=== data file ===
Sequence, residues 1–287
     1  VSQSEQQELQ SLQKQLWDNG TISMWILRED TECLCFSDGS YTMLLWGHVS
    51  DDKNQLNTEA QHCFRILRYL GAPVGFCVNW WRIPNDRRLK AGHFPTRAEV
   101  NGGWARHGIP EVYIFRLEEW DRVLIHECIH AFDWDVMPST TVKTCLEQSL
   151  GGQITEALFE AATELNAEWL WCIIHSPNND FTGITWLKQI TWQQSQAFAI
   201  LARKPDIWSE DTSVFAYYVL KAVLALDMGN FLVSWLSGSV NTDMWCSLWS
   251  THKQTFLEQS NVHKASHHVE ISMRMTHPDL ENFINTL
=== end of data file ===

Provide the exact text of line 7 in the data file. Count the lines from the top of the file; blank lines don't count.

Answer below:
   251  THKQTFLEQS NVHKASHHVE ISMRMTHPDL ENFINTL